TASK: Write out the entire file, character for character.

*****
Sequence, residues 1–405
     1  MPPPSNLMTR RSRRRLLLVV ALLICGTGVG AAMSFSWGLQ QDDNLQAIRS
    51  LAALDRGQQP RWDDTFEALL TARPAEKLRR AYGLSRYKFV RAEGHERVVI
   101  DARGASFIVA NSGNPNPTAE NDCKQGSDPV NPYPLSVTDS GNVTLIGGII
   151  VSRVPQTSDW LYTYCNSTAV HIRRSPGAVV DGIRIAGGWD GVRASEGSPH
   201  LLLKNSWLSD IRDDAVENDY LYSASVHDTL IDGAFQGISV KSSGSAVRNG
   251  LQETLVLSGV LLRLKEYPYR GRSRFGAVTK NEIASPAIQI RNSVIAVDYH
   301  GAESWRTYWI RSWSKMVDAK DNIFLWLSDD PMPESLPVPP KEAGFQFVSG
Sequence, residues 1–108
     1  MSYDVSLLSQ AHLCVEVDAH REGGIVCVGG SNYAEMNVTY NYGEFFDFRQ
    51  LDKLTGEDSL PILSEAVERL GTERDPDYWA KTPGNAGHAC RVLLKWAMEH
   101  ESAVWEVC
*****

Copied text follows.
Sequence, residues 1–405
     1  MPPPSNLMTR RSRRRLLLVV ALLICGTGVG AAMSFSWGLQ QDDNLQAIRS
    51  LAALDRGQQP RWDDTFEALL TARPAEKLRR AYGLSRYKFV RAEGHERVVI
   101  DARGASFIVA NSGNPNPTAE NDCKQGSDPV NPYPLSVTDS GNVTLIGGII
   151  VSRVPQTSDW LYTYCNSTAV HIRRSPGAVV DGIRIAGGWD GVRASEGSPH
   201  LLLKNSWLSD IRDDAVENDY LYSASVHDTL IDGAFQGISV KSSGSAVRNG
   251  LQETLVLSGV LLRLKEYPYR GRSRFGAVTK NEIASPAIQI RNSVIAVDYH
   301  GAESWRTYWI RSWSKMVDAK DNIFLWLSDD PMPESLPVPP KEAGFQFVSG
Sequence, residues 1–108
     1  MSYDVSLLSQ AHLCVEVDAH REGGIVCVGG SNYAEMNVTY NYGEFFDFRQ
    51  LDKLTGEDSL PILSEAVERL GTERDPDYWA KTPGNAGHAC RVLLKWAMEH
   101  ESAVWEVC